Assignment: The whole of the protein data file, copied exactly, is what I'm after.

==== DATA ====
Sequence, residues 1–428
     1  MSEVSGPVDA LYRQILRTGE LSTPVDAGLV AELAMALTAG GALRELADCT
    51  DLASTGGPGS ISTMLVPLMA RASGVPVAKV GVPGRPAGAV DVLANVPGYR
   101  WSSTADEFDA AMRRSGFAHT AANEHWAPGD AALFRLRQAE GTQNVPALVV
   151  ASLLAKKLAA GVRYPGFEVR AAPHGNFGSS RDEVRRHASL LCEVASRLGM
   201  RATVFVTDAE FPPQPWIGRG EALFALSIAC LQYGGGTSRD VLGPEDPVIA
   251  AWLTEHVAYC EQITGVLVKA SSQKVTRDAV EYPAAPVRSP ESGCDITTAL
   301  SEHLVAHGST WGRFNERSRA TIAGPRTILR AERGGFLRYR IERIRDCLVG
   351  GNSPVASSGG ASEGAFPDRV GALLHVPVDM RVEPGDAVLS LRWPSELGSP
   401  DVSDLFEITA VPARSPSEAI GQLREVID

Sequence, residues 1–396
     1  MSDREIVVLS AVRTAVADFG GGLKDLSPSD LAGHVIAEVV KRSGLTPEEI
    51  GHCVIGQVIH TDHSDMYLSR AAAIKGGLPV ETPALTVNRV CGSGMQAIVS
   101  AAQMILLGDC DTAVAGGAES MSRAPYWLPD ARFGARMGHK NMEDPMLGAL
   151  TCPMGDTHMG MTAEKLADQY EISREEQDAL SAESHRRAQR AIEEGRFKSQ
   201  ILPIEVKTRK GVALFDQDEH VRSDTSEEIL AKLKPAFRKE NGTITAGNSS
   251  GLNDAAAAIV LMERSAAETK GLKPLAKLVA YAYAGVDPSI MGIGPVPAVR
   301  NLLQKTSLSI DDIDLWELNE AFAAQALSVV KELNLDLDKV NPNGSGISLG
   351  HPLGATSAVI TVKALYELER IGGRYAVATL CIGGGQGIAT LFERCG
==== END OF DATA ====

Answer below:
Sequence, residues 1–428
     1  MSEVSGPVDA LYRQILRTGE LSTPVDAGLV AELAMALTAG GALRELADCT
    51  DLASTGGPGS ISTMLVPLMA RASGVPVAKV GVPGRPAGAV DVLANVPGYR
   101  WSSTADEFDA AMRRSGFAHT AANEHWAPGD AALFRLRQAE GTQNVPALVV
   151  ASLLAKKLAA GVRYPGFEVR AAPHGNFGSS RDEVRRHASL LCEVASRLGM
   201  RATVFVTDAE FPPQPWIGRG EALFALSIAC LQYGGGTSRD VLGPEDPVIA
   251  AWLTEHVAYC EQITGVLVKA SSQKVTRDAV EYPAAPVRSP ESGCDITTAL
   301  SEHLVAHGST WGRFNERSRA TIAGPRTILR AERGGFLRYR IERIRDCLVG
   351  GNSPVASSGG ASEGAFPDRV GALLHVPVDM RVEPGDAVLS LRWPSELGSP
   401  DVSDLFEITA VPARSPSEAI GQLREVID

Sequence, residues 1–396
     1  MSDREIVVLS AVRTAVADFG GGLKDLSPSD LAGHVIAEVV KRSGLTPEEI
    51  GHCVIGQVIH TDHSDMYLSR AAAIKGGLPV ETPALTVNRV CGSGMQAIVS
   101  AAQMILLGDC DTAVAGGAES MSRAPYWLPD ARFGARMGHK NMEDPMLGAL
   151  TCPMGDTHMG MTAEKLADQY EISREEQDAL SAESHRRAQR AIEEGRFKSQ
   201  ILPIEVKTRK GVALFDQDEH VRSDTSEEIL AKLKPAFRKE NGTITAGNSS
   251  GLNDAAAAIV LMERSAAETK GLKPLAKLVA YAYAGVDPSI MGIGPVPAVR
   301  NLLQKTSLSI DDIDLWELNE AFAAQALSVV KELNLDLDKV NPNGSGISLG
   351  HPLGATSAVI TVKALYELER IGGRYAVATL CIGGGQGIAT LFERCG